Tested: Firefox 10 Can't Catch Up to Internet Explorer, Chrome

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Today marks the official release of Firefox 10, which adds new developer tools and changes the design of the navigation bar to show the forward button only in instances where it can be used. Mozilla's update gives us a perfect opportunity to reassess the browser playing field, and that's exactly what we did, pitting Firefox 10 against Chrome 16 and Internet Explorer 9 in a series of tests. The results show that the Mozilla project still has a lot of work to do if it wants to take back the number two browser position from Google or the number spot from Microsoft.

Using a Dell Inspiron 14z with a Core i3 CPU and 4G of RAM, we ran two web-based browser benchmarks: SunSpider and Peacekeeper on Firefox 10, Chrome 16, and Internet Explorer 9. We ran each test three times and then took the average. After that, we measured browser open times and available screen real estate on an ASUS ZenBook UX31 notebook with a Core i5 CPU and a SATA 6Gb/s SSD.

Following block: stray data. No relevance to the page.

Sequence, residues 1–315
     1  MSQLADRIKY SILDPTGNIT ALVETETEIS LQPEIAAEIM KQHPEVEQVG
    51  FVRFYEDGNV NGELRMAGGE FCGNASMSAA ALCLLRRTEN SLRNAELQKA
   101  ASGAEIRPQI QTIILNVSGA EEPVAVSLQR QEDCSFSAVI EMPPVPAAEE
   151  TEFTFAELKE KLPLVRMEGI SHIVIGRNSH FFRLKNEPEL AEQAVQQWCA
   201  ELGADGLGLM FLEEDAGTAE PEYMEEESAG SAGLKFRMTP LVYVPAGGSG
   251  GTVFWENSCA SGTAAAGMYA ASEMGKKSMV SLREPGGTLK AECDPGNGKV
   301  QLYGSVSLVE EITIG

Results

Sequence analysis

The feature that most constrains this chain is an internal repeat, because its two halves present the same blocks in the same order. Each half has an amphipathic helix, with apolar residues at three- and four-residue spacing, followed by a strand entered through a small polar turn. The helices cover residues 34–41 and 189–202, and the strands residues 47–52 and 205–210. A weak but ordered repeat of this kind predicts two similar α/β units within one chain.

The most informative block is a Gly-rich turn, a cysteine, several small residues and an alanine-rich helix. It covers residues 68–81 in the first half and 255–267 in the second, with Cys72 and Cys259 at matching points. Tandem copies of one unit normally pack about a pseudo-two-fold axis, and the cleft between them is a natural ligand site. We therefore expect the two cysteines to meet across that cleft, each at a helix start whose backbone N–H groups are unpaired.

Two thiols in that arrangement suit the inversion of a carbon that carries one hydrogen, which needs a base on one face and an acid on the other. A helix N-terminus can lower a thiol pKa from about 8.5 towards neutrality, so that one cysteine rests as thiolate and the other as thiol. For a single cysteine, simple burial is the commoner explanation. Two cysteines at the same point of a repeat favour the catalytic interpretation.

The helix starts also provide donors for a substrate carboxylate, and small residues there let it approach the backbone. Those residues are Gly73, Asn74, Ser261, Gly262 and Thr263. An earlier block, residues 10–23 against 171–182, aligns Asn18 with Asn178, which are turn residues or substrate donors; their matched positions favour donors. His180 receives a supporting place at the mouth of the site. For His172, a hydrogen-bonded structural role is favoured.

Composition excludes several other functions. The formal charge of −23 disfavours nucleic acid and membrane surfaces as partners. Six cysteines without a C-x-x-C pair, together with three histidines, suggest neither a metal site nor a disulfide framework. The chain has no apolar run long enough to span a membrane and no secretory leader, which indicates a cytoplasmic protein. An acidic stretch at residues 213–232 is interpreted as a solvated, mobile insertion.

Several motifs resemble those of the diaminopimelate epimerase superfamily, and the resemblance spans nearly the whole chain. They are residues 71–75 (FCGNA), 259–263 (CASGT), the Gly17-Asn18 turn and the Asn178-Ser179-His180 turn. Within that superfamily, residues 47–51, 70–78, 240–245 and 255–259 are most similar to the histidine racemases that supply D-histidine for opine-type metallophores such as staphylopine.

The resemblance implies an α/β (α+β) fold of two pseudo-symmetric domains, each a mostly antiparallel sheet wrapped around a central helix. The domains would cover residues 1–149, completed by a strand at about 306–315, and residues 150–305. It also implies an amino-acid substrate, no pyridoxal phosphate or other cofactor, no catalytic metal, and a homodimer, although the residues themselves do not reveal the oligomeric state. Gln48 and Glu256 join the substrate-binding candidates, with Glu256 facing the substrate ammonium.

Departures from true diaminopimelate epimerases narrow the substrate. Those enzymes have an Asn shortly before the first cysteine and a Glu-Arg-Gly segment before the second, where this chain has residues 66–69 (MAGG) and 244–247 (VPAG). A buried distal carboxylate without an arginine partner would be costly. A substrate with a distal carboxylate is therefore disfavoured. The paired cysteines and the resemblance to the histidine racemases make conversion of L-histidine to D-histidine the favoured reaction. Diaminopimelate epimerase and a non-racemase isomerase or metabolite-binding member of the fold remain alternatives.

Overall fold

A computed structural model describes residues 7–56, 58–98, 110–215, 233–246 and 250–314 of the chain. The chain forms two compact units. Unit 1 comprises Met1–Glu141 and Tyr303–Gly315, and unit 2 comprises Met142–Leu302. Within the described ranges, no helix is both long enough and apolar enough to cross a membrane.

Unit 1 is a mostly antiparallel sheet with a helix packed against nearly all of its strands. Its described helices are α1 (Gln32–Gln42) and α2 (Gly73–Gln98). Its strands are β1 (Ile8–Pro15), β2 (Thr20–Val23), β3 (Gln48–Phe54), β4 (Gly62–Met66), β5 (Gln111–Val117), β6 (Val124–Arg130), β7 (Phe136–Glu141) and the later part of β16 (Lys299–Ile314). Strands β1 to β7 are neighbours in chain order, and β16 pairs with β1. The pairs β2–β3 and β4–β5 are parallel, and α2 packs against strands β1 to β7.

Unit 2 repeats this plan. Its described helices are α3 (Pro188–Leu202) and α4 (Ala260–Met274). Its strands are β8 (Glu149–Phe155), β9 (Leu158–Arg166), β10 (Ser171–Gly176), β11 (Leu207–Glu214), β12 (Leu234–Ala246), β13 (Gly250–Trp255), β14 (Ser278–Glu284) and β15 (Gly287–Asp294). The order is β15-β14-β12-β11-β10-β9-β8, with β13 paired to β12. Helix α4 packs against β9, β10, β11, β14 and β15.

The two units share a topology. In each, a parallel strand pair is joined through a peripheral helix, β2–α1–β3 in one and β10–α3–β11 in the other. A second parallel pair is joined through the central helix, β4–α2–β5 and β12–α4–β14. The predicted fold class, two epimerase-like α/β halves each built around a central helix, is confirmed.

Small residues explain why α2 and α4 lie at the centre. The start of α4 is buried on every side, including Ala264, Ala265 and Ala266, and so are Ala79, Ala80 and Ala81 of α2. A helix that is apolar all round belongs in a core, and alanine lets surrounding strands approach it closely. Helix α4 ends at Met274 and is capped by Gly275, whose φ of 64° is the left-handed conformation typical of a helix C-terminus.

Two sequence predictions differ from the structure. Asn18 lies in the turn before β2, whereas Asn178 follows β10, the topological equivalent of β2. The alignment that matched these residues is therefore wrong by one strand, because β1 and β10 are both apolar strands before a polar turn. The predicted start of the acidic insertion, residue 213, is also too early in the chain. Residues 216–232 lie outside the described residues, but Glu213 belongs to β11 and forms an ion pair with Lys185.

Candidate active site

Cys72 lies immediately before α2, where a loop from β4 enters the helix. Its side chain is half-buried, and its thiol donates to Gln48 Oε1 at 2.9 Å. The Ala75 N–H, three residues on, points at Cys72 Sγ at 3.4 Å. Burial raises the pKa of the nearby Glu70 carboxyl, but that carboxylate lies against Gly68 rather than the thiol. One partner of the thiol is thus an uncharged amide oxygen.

SunSpider JavaScript Test

The SunSpider test measures a browser's ability to execute a series of complex JavaScript functions. Because most web pages contain a lot of JavaScript, this test effectively shows how quickly the browser can render pages or perform dynamic actions. A shorter time result is better.

Sunspider Tests

Firefox 10 completed the test in 276.3 milliseconds, putting it in between the 312.4 notched by Chrome and the 247.5 we got on IE 9. It's still not the fastest. 

Peacekeeper Benchmark

Peacekeeper is a synthetic benchmark where higher scores are better. On that test, Firefox 10 turned in a score of 1536, which  trailed IE 9's mark of 1483 and Chrome 16's 2918.



One of the least talked about performance features of any browser is its ability to open quickly (or not). Every millisecond you spend waiting for a program to launch is a millisecond you'll never have again. We tested all three browsers' open times on the powerful ASUS ZenBook UX31, because it has a blazing fast Sata 6Gb/s SSD that allowed each program to open at its fastest possible time.The results confirmed that Firefox is still a slowpoke. Chrome 16 opened in an average of 1.8 seconds and IE 9 in just 1.1 seconds while Firefox 10 turned in a relatively sluggish 2.4-second average, an eternity in particle physics.